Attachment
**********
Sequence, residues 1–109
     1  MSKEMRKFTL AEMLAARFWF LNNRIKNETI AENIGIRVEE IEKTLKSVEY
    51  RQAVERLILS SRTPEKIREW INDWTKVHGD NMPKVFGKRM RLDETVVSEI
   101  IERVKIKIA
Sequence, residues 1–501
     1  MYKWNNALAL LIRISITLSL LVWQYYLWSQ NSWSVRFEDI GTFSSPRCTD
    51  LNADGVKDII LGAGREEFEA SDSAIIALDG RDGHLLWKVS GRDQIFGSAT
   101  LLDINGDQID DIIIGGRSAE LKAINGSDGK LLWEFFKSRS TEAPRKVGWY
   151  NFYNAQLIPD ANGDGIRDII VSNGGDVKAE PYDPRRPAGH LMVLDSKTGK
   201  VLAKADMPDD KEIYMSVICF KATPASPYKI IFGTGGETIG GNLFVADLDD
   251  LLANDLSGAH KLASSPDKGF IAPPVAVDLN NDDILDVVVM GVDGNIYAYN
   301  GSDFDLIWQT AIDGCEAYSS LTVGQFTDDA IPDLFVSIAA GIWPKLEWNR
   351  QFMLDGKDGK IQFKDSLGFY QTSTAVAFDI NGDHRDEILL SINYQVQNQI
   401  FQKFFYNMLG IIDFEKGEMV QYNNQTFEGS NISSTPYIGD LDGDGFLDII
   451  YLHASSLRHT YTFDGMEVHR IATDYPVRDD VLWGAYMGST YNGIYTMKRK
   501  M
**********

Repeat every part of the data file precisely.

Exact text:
Sequence, residues 1–109
     1  MSKEMRKFTL AEMLAARFWF LNNRIKNETI AENIGIRVEE IEKTLKSVEY
    51  RQAVERLILS SRTPEKIREW INDWTKVHGD NMPKVFGKRM RLDETVVSEI
   101  IERVKIKIA
Sequence, residues 1–501
     1  MYKWNNALAL LIRISITLSL LVWQYYLWSQ NSWSVRFEDI GTFSSPRCTD
    51  LNADGVKDII LGAGREEFEA SDSAIIALDG RDGHLLWKVS GRDQIFGSAT
   101  LLDINGDQID DIIIGGRSAE LKAINGSDGK LLWEFFKSRS TEAPRKVGWY
   151  NFYNAQLIPD ANGDGIRDII VSNGGDVKAE PYDPRRPAGH LMVLDSKTGK
   201  VLAKADMPDD KEIYMSVICF KATPASPYKI IFGTGGETIG GNLFVADLDD
   251  LLANDLSGAH KLASSPDKGF IAPPVAVDLN NDDILDVVVM GVDGNIYAYN
   301  GSDFDLIWQT AIDGCEAYSS LTVGQFTDDA IPDLFVSIAA GIWPKLEWNR
   351  QFMLDGKDGK IQFKDSLGFY QTSTAVAFDI NGDHRDEILL SINYQVQNQI
   401  FQKFFYNMLG IIDFEKGEMV QYNNQTFEGS NISSTPYIGD LDGDGFLDII
   451  YLHASSLRHT YTFDGMEVHR IATDYPVRDD VLWGAYMGST YNGIYTMKRK
   501  M